But still the end of the film is problematic. Again, visually it is impressive, but it lacks the kind of resolution you might expect to find in a Bond film and quite frankly is a mess.
And yet again the plot requires that Bond goes rogue. In fact, not only does Bond go rogue, but so does M, Moneypenny, Tanner and Q.
I have a radical suggestion for Bond 25. How about this as a tagline: “This time it’s NOT personal”?
And talking about getting personal, why oh why oh why did anyone think it was a good idea that Blofeld would turn out to be Bond’s step-brother? That was a detail that was simply not needed.
Nor was linking Blofeld to Daniel Craig’s three previous Bond outings. In fact, Blofeld is largely wasted as Denbigh would have sufficed as the villain. The film makers would have been better advised to introduce Blofeld as a shadowy character in the background, much like the early Bond movies. First introduce SPECTRE as an organisation and later bring in Blofeld. And anyway, why did Blofeld not explain what the initials SPECTRE stand for?
And some other niggles. I was expecting Monica Bellucci to have a far larger role and while Hinx is a great henchman, alas, he is dispatched far too soon. I kept expecting Hinx to pop up again and the film would have benefited something akin to the stand-off with Oddjob in Goldfinger.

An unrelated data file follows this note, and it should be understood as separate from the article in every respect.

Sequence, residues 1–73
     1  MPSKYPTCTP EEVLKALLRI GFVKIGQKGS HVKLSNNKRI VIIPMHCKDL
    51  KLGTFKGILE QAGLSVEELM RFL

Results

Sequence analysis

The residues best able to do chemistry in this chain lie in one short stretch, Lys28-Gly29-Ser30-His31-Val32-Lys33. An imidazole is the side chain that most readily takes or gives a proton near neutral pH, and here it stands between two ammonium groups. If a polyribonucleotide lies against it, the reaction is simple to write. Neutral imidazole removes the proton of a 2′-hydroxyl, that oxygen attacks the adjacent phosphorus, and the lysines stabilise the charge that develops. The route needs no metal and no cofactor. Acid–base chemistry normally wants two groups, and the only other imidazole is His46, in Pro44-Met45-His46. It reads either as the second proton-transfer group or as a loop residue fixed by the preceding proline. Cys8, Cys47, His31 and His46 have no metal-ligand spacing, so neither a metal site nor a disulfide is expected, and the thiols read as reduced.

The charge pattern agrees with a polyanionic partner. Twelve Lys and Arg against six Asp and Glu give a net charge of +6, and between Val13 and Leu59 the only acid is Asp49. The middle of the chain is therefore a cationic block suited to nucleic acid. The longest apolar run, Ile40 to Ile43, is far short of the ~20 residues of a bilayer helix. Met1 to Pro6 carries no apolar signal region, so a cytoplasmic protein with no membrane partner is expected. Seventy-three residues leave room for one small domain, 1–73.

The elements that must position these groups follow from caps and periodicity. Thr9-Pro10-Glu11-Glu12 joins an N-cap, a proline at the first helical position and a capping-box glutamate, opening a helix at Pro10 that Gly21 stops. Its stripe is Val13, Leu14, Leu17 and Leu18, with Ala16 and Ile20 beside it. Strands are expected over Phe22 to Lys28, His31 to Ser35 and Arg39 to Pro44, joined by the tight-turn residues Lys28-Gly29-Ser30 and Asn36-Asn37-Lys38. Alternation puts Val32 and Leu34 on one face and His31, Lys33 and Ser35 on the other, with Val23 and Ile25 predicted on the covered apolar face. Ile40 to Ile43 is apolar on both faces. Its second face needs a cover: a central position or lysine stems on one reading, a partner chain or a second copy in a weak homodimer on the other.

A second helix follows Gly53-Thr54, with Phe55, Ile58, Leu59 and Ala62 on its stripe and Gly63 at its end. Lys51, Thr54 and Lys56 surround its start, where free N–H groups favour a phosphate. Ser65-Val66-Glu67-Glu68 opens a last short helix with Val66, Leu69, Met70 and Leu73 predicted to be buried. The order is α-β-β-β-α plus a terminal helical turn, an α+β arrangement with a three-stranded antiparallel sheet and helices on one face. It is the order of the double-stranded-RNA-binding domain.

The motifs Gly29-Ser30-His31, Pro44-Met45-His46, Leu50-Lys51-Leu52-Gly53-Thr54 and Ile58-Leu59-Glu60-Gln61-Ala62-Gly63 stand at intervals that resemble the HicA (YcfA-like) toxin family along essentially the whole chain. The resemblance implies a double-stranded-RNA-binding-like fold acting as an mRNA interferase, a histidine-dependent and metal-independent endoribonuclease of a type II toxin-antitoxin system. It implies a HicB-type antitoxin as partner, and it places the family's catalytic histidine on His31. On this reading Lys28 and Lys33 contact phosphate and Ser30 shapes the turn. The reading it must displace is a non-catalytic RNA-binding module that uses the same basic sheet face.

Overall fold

The car chase is impressive, but it is let down by having Bond spend much of the time on the phone rather than focusing on his driving and so lacks the real dramatic tension necessary to truly great car chase. In fact, SPECTRE lacks dramatic tension throughout.
There is a gruelling torture scene too, with dialogue taken directly from Kingsley Amis’s Colonel Sun. But while it is agony to watch, is it any more effective than the knotted rope used by Le Chiffre in Casino Royale? Sometimes keeping things simple is more effective.
While I’ve raised a lot of negatives, I did truly enjoy SPECTRE and can’t wait to see it again when it is released here in Spain. However, it isn’t the kind of Bond film I want from EON Productions.
And I still feel they have never made a classic James Bond film that wasn’t based closely on an Ian Fleming novel.
Order SPECTRE online. Available in the US and UK from February.